Photo: H John Voorhees III / Hearst Connecticut Media
By Frank Juliano and Alex Wolff
Even in these days of incessant tweets, texts and Facebook posts, a century-old form of social media is drawing new enthusiasts by embracing the latest technology.
Members of amateur, or ham, radio clubs in the area may use everything from a telegraph key and Morse code to satellites to transmit video, digital data and voice communications.
Simons said people take up the hobby for many reasons, including to participate in contests, where some compete to make the most point-to-point connections in a given time frame, or to communicate for emergency preparedness. Others are interested in Dxing — which means communicating over great distances, and some will operate a station for various special events…. Read More
After over a week of being hit by fast solar wind, conditions are finally beginning to calm down. We have had gorgeous aurora shows all over the world... Read more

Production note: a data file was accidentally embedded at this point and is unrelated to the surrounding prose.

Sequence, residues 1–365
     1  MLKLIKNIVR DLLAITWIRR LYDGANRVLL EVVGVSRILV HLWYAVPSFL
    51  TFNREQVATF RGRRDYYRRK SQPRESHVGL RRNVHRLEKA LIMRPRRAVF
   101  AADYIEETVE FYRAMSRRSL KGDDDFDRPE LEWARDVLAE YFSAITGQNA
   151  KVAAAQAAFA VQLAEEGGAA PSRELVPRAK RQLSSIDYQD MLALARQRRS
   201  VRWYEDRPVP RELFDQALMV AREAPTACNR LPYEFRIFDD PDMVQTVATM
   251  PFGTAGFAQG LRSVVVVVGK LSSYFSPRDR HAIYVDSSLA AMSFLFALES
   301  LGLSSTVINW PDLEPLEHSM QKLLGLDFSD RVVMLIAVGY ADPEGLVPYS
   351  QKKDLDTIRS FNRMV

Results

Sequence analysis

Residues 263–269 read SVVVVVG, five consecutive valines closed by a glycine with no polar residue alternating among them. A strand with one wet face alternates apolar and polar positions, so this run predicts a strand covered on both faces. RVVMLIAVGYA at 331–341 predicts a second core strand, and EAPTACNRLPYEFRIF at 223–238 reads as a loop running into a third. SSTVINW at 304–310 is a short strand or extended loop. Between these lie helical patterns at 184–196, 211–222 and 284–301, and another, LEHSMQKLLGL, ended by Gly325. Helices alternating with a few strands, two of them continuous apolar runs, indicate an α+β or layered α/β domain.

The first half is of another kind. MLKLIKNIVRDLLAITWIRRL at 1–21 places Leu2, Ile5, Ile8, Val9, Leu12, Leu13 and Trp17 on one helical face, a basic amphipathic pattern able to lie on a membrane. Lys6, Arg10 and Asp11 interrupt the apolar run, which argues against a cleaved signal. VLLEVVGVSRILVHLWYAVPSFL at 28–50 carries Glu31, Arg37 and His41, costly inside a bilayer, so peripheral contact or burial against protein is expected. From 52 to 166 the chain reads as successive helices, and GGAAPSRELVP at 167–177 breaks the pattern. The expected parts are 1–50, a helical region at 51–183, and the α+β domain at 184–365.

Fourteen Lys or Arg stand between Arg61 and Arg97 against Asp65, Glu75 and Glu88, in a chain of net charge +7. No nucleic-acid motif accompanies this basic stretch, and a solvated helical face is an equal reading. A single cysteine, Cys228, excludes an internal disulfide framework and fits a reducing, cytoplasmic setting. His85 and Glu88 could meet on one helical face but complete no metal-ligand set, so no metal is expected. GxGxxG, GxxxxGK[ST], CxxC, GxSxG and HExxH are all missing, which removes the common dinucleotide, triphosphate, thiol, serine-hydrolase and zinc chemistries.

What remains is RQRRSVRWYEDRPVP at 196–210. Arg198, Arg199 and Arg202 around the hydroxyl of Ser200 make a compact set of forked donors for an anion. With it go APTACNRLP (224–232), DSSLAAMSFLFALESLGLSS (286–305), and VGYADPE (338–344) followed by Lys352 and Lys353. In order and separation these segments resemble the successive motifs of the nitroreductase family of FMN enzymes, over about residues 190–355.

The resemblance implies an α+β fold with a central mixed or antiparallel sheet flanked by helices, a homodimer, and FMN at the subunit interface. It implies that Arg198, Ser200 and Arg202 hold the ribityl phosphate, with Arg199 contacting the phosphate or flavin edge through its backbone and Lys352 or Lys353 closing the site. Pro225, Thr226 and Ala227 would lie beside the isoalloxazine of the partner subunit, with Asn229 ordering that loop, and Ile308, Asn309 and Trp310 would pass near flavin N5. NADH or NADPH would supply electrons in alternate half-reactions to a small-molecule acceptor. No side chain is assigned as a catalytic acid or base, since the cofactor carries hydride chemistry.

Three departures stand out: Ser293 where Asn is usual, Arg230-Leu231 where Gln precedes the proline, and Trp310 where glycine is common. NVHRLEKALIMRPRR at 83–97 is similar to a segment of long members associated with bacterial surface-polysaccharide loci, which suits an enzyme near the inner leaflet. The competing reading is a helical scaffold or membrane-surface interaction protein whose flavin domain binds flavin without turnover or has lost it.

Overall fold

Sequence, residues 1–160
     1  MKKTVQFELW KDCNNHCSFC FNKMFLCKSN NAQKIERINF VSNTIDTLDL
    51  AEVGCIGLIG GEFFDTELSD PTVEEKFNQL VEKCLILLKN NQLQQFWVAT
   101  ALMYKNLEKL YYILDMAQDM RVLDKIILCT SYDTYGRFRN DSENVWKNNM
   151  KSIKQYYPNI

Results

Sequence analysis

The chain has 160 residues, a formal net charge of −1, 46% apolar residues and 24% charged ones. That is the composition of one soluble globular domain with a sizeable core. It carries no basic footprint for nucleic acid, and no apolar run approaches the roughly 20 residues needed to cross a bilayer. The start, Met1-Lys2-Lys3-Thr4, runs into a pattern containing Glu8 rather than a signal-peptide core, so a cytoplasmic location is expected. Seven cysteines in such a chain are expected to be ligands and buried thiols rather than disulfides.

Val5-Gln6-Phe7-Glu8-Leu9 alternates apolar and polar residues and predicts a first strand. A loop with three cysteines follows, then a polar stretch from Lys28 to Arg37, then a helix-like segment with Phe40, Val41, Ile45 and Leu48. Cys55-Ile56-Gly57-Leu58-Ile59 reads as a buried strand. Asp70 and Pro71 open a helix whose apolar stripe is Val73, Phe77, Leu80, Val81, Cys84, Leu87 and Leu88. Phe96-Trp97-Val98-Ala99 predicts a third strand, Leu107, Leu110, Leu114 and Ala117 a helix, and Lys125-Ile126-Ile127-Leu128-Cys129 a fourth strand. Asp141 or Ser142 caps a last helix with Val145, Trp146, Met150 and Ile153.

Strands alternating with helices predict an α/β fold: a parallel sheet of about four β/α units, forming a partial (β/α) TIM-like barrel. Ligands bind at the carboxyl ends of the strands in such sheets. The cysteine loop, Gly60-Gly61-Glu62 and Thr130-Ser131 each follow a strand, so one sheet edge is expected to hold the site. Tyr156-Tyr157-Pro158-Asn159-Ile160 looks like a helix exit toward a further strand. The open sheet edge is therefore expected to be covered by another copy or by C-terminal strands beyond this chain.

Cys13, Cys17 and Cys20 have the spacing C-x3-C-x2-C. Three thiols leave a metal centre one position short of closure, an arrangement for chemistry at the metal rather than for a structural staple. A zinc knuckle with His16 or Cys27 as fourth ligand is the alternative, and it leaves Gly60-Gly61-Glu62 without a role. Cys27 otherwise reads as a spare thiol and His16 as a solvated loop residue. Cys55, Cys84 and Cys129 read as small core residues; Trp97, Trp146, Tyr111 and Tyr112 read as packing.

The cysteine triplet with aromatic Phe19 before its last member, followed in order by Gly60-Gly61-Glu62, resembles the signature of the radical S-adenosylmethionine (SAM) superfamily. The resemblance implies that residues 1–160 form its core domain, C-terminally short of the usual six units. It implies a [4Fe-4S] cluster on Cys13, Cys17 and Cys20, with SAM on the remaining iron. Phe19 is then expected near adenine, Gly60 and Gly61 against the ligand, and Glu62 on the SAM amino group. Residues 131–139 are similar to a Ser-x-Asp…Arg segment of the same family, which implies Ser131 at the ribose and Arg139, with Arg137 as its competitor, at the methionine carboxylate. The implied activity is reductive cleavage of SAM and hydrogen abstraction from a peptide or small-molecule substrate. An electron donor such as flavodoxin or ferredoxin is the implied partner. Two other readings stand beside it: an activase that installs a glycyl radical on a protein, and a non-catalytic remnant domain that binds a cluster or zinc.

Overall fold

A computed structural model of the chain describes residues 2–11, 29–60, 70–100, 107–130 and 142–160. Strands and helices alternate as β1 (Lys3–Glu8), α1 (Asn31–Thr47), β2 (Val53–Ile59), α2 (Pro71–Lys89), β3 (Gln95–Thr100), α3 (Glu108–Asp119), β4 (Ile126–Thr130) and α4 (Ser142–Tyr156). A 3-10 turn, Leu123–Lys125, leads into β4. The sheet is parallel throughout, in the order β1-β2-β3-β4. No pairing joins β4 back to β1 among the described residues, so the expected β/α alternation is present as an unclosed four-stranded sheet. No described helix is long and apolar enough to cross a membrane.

January 1 was the opening day for the ARRL International Grid Chase 2018 (IGC), and newly minted General-class operator Katie Thompsen, KI7HCX, of Mt... Read more
The TH-D74 is Kenwood’s latest hand held transceiver. It offers a wide range of features including digital (D-STAR), 2m/70cm analogue FM, APRS as well... Read more
By Peg Quann | Bucks County Courier Times When he decided to become a ham radio operator, Charles Dillenbeck, of Bristol Township, went all out for hi... Read more
ARRL VHF Contest Complete results for the 2014 ARRL September VHF contest now are online, with a summary article by Jeff Klein, K1TEO. ARRL Contest Br... Read more
Ham radio volunteers living in areas having good signal propagation into the Caribbean region are being asked to activate their home ALE (automatic li... Read more
The Mumbai Mirror in India reports that a complaint by radio amateurs has prompted the Telecommunications Ministry to order online purveyors, includin... Read more
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